“The whole school is involved. People are volunteering to paint backdrops and bring in props. A lot of people are pitching in with the lifting (of scenes) and helping make this something special.”

And the Show Goes On…

The lights will be glowing bright on opening night—7 p.m. Friday, December 8—when the first of three performances kick off a weekend filled with Oz. With every practice, confidence is growing and the pieces are falling into place.

“Kids in the theater space are full of ideas,” Olson says. “I want collaboration. I want to run the program by listening to students and other teachers, taking in what they want and working together to make it happen.”

No one knows that better than Nawrocki, who spends each day after school immersed in the theater environment.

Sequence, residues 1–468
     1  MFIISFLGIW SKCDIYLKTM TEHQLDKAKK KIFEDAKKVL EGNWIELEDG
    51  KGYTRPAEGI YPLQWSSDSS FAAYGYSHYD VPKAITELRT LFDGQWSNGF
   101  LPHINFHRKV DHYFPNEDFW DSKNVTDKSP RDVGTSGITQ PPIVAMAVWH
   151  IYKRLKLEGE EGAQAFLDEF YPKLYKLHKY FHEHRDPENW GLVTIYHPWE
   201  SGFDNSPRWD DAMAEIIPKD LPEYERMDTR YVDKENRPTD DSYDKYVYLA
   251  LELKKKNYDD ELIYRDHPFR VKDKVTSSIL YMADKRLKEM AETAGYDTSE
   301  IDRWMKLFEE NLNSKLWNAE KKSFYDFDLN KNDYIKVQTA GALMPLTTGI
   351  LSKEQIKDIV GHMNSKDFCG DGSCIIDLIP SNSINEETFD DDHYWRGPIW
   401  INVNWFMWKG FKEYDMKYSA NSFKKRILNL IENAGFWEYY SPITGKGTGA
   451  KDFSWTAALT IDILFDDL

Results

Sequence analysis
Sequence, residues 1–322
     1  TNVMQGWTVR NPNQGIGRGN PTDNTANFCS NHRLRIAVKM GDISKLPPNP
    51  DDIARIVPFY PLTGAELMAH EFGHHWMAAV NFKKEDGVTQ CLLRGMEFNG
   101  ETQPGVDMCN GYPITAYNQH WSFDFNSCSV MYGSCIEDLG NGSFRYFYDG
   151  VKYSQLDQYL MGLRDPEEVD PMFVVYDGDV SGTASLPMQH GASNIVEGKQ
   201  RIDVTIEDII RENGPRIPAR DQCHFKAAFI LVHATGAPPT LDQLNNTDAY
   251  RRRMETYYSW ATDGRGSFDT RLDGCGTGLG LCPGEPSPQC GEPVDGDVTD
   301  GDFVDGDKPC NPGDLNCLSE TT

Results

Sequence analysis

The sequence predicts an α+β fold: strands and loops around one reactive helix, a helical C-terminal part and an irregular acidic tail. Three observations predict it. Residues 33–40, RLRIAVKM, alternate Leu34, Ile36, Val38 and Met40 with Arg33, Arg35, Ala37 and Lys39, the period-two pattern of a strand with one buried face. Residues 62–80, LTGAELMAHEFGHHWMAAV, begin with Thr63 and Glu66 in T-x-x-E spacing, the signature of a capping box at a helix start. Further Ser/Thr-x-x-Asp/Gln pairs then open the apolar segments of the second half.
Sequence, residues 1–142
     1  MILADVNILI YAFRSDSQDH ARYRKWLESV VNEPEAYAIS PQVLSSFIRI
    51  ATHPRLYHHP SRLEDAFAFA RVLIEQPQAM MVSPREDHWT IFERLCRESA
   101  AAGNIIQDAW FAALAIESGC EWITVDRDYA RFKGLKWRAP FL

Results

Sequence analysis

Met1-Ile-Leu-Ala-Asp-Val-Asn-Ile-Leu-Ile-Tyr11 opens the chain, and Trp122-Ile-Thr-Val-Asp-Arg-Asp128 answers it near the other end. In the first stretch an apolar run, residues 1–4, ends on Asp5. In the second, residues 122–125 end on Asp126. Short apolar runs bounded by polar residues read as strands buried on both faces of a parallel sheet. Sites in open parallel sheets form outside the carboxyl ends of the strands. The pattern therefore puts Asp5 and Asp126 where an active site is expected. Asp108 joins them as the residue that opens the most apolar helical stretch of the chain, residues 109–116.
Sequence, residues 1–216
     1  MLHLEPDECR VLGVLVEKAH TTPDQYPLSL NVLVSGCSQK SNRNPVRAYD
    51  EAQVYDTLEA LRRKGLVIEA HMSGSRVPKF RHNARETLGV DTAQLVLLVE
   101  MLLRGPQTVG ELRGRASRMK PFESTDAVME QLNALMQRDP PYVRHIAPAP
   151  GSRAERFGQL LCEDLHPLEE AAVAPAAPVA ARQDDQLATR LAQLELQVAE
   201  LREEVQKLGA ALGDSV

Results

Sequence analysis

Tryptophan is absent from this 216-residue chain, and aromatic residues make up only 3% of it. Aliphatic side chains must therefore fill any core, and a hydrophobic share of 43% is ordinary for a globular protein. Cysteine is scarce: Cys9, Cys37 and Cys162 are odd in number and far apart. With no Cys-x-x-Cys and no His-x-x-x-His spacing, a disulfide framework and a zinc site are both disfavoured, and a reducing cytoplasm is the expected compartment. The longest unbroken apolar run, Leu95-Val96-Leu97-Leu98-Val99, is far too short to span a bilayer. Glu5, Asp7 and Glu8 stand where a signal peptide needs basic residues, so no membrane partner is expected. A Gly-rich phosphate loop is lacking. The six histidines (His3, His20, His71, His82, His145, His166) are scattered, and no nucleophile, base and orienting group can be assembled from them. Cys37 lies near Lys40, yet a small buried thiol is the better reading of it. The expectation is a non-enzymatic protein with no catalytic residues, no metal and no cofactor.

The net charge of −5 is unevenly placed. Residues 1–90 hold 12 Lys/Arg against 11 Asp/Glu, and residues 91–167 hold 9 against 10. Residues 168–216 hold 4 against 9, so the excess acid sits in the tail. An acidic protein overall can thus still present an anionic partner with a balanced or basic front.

“I’ve given him (Olson) so many crazy ideas,” he says, “and a few of them have even happened. There are going to be some unexpected surprises (with Oz). We haven’t even figured all of them out yet, but there will be some pretty cool stuff.”

That kind of enthusiasm in the theatre arts experience is exactly what Olson was hoping to bring to Holy Family.

“My biggest goal is to make kids feel welcome and that they have a place to trust in, perform and be expressive,” Olson says. “I want to establish a place where the kids know they can come and have it theirs.”

Getting back to that black-box theater busy with activity, Olson sees it as a challenge that’s even new to him.

“Most theaters I’ve been in are auditoriums with theater-style seating,” he explains. “This is definitely different and it’s uniquely challenging. We have to block things out differently. We’re in a triangle, performing for two sides of the room.

“I think the audience is going to have an intimate experience and see the actors and scenes up close. They’re going to be involved rather than sitting back, feeling like they’re part of every performance.”

Click HERE for the Wizard of Oz performance schedule. We hope you’ll join us for the show!